Shear indecision

I’m thinking of cutting my hair.  This isn’t a trivial “do I or don’t I” moment as I’ve had long hair for most of my life.  The last time it was cut in the true sense of the word (I don’t count trims or anything where the length is at least mid-back) was approximately 1973.  And that time wasn’t my idea.  My mother, having threatened that if I didn’t take better care of my long locks, she would have them cut to a manageable style.  I didn’t and she did.  The horror of that moment, of the scissors slicing through my hair, has stayed with me to such a firm degree that I avoided the hairdressers for decades and trimmed the ends myself or (oddly enough) only trusted my mother to trim them.  Guess I figured that seeing the trauma I went through, she would be reluctant to repeat the experience and thus would trim cautiously.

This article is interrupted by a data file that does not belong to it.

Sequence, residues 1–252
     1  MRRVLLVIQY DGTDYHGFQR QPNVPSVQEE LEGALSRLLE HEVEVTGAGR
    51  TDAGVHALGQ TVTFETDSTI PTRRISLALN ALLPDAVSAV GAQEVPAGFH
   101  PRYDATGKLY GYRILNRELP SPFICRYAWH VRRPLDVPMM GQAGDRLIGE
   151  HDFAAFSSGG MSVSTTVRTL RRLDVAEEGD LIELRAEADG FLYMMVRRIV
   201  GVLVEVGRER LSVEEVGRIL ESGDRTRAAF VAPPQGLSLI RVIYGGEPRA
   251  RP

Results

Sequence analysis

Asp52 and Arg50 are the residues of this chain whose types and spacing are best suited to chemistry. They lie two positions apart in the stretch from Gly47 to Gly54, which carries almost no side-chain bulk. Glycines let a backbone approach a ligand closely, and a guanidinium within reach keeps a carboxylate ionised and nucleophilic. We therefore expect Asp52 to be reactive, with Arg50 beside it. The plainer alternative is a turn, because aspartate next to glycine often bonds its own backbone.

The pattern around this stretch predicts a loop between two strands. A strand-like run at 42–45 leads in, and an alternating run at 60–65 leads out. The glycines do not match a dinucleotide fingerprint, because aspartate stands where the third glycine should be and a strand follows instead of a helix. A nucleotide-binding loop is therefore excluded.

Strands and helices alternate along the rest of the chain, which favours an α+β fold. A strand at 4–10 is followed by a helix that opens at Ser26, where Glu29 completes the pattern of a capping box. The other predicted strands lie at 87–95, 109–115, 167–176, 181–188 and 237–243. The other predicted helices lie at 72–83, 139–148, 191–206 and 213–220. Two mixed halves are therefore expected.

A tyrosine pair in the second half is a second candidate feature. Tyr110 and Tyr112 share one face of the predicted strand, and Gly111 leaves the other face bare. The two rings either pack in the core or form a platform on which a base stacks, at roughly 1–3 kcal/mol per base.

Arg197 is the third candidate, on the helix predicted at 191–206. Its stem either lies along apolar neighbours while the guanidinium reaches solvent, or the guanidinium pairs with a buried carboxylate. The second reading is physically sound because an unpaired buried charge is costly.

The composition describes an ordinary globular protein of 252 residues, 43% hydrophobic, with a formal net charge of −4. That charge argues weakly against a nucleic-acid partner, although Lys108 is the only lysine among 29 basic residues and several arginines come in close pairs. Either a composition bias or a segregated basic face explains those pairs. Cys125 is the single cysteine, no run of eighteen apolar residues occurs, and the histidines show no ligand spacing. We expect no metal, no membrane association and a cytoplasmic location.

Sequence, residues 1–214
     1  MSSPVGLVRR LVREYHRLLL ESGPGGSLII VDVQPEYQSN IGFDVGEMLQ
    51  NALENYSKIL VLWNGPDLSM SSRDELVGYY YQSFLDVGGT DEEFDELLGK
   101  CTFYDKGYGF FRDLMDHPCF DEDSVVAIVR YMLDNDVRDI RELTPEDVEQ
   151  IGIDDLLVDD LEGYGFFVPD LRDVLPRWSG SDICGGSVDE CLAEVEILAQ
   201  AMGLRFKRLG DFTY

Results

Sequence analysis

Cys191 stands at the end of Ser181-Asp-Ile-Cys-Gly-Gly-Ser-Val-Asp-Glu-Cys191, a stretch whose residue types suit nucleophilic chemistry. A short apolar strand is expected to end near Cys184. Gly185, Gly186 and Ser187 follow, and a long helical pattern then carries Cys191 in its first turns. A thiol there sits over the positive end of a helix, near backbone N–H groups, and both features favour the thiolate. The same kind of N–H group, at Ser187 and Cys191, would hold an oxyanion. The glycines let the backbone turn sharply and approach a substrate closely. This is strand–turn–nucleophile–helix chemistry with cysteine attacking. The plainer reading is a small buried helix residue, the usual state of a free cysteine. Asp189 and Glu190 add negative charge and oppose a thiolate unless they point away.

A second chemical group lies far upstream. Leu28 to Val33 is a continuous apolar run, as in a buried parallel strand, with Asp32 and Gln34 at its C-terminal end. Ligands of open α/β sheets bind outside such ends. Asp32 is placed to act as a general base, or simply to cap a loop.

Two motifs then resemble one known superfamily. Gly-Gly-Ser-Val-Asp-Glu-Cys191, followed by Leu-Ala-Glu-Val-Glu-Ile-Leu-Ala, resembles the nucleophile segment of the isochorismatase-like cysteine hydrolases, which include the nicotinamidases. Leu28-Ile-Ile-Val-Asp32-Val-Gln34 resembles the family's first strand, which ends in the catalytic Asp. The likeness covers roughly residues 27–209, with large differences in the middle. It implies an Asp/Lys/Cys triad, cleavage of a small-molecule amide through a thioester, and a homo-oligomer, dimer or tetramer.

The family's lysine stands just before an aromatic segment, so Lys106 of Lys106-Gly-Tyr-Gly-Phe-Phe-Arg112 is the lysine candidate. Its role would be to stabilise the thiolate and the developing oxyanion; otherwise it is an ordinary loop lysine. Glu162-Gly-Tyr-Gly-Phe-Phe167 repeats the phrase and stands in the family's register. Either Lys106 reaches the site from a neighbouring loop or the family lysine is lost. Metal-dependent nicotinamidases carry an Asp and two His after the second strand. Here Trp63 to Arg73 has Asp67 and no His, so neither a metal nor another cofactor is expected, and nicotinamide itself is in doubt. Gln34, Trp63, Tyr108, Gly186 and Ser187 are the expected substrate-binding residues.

As the years passed, and my hair grew, I took great pride in it.  It was long and thick and set me apart from the crowd.  I was “the girl with the long hair”.  Of course, not all the comments were positive – one time on the school bus, as we were going home and I had my ever-present sketchbook and other art supplies, some girl made the comment, “Long hair and glasses, you’re either smart or an artist.”

Where do we find our identity?  Why does so much of it seem to be ruled by external devices – how we look, what we do, where we live.  We are so many things, only a small fraction of which are outside ourselves – yet, it’s so easy to get lost in those outside things.  We don’t realize we’re doing it until one of those things is gone and we’re no longer the one who lives in that house or has that job.  We’re no longer who we thought we were.

Who will I be when I’m not “the girl with the long hair”?

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